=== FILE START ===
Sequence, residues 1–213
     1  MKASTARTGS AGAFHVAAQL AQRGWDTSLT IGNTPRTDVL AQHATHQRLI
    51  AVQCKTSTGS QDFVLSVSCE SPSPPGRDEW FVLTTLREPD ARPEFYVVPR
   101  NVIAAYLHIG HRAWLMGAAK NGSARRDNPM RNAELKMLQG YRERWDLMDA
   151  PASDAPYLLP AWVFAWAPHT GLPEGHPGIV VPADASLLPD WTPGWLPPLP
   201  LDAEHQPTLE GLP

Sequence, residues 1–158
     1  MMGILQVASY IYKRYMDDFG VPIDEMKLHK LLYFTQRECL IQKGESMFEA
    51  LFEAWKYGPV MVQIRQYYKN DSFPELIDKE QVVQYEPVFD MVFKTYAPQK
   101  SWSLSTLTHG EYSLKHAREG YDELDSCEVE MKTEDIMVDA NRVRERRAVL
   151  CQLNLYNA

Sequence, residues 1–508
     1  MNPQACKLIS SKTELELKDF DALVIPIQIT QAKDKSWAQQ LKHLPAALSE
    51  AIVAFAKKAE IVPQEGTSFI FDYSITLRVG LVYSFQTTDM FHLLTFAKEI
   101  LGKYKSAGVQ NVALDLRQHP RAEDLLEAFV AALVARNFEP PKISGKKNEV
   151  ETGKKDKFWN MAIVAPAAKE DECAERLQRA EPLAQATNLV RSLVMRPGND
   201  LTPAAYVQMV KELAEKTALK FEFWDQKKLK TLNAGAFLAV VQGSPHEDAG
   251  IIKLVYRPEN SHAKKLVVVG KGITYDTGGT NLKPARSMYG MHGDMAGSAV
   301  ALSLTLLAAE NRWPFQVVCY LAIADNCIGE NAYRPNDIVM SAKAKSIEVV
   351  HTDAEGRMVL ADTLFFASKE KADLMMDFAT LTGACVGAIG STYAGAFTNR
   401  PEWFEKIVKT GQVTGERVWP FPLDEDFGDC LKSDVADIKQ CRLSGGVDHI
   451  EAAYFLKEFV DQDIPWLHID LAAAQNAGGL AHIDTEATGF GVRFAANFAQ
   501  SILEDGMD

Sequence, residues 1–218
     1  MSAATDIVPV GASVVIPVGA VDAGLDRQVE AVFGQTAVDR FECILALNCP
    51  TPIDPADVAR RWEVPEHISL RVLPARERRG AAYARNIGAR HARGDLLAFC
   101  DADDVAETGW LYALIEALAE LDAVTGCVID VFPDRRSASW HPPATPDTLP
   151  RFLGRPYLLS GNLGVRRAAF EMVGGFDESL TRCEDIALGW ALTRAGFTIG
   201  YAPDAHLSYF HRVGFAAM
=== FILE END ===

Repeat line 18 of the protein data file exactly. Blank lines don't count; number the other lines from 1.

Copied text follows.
   251  IIKLVYRPEN SHAKKLVVVG KGITYDTGGT NLKPARSMYG MHGDMAGSAV